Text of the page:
New Report Offers Fresh Perspectives on Protection of Privacy, Security and Intellectual Property on Internet

March 20, 2012  • Institute Contributor

Contact: Sarah Eppehimer
Senior Project Manager
Communications and Society Program

‘Updating Rules of the Digital Road’ recommends new approaches for keeping broadband communications secure, private and protected

WASHINGTON, March 20, 2012 – In a new report issued today, the Aspen Institute Communications and Society Program unveiled an updated approach for how regulators, businesses and individuals can improve digital security, privacy and the regulation of intellectual property.  The report presents coherent steps to create a trusted and secure online environment while preserving the Internet’s core principles of innovation and liberty. 

Updating Rules of the Digital Road: Privacy, Security, Intellectual Property addresses a wide range of threats that plague the use of today’s communications media and offers a set of recommendations for taking action.  Using the Federal Trade Commission’s Fair Information Practices (FIPs) as a starting point, the report isolates emerging issues that require attention.  These include the changing definition of personally identifiable information, concerns about mobile privacy and the misuse and trade of personal data.

“The key element to a robust Internet is to maintain an environment that users can trust,” said Charlie Firestone, Executive Director of the Aspen Institute Communications and Society Program. “This report suggests a number of measures to increase trust in the areas of security, privacy and property.”

The report is the result of the 26th annual Aspen Institute Conference on Communications Policy, a private seminar of 38 experts and leaders in communications policy from government, business, academia, and the non-profit sector.  The Conference series examines the technological, competitive, and social issues that are transforming the rapidly changing communications marketplace.

In the security realm, the group recommended a number of private sector solutions including measures to improve third party accountability, facilitate new forms of insurance, increase the costs of bad behavior, improve supply chain security and gateway protocols, and improve consumer ease of use and “digital hygiene.”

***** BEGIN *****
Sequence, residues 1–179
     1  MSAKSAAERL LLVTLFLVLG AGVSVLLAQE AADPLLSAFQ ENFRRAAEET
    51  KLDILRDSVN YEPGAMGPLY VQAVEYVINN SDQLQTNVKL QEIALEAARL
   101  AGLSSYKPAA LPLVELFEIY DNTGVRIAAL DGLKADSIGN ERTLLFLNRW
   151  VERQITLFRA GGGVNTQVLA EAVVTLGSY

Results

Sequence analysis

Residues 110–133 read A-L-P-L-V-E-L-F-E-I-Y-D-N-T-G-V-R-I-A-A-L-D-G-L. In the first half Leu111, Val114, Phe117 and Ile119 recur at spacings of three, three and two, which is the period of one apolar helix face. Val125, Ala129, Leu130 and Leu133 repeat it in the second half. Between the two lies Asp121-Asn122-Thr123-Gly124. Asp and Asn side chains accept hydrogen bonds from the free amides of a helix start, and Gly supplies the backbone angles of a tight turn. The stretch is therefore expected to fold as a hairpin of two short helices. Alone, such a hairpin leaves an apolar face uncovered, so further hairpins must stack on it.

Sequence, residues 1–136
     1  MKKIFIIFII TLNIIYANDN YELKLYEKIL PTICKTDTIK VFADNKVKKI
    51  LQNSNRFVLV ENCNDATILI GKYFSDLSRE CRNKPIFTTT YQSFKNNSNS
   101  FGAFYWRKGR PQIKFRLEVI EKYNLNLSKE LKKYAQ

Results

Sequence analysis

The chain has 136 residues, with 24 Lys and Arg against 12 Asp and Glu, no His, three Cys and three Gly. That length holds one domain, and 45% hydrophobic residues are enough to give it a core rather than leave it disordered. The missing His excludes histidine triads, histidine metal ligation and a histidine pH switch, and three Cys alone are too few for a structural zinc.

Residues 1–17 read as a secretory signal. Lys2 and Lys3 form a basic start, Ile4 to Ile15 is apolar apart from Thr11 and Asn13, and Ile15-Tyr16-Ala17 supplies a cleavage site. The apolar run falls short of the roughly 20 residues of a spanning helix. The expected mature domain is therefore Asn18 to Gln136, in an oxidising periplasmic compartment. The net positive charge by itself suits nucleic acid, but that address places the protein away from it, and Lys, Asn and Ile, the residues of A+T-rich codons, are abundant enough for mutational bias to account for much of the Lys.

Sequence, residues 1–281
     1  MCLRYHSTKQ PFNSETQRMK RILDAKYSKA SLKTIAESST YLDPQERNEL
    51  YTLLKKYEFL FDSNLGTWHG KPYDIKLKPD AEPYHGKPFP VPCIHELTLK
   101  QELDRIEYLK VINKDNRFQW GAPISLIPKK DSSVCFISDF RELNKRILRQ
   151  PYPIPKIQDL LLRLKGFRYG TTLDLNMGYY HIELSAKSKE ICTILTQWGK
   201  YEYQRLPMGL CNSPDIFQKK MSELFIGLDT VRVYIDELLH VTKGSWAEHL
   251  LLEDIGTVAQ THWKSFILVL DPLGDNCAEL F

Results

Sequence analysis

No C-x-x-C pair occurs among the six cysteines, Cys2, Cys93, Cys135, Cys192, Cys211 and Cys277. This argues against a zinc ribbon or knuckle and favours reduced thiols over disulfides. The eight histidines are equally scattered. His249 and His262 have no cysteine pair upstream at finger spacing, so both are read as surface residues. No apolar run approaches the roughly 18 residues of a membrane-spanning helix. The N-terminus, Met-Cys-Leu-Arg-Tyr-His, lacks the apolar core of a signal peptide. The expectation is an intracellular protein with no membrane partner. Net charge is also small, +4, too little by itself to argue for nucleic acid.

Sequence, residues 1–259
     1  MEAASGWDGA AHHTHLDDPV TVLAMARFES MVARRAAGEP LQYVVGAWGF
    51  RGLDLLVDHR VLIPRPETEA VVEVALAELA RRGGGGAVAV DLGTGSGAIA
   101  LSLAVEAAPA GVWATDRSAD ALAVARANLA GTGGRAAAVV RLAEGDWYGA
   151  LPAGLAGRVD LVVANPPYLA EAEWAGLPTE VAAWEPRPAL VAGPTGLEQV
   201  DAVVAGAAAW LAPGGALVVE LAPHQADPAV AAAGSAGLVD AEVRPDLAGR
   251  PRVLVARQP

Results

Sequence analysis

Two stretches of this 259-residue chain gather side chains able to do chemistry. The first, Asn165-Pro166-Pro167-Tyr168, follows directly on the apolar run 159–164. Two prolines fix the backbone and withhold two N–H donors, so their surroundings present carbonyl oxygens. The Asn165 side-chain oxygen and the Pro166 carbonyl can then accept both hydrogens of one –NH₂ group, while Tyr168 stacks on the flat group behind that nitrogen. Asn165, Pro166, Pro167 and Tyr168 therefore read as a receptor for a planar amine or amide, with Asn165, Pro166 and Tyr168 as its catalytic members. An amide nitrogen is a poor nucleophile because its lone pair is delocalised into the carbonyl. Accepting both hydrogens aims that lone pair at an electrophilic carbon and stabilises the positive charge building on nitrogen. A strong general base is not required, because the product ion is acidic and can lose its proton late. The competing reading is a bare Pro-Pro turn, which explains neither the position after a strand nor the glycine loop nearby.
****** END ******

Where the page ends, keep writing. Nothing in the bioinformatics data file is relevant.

For better privacy protection, the group relied on the Fair Information Practices framework, but suggested that third parties guard against the ability to identify individuals from supposedly aggregated and anonymized data. The group also expressed concerns and recommended actions with respect to mobile privacy and the data collected by data analyzers and brokers. 

And in the intellectual property area, participants agreed on targeting rogue websites, such as Pirate Bay. While participants did not all agree on exact methods, the report cites a number of best practices.  The Conference Report also recommends improving consumer and user education against theft, and encouraging content owners to make digitized content available on more platforms.

In April, the Communications and Society Program will release a comprehensive report of its International Digital Economy Accords (IDEA) Project, a separate endeavor aimed at reassessing global Internet governance. ‘Toward a Common Global Digital Economy’ will explore what global institutions, norms and forums will secure the free flow of communications while protecting individual freedoms.


The Aspen Institute Communications and Society Program serves as a non-partisan venue for global leaders and experts to exchange insights on the societal impact of advances in digital technology and network communications. It also creates a multidisciplinary space in the communications policy-making world where veteran and emerging decision-makers can explore new concepts and develop new policy networks. Visit us on the web at and follow on Twitter @aspencs

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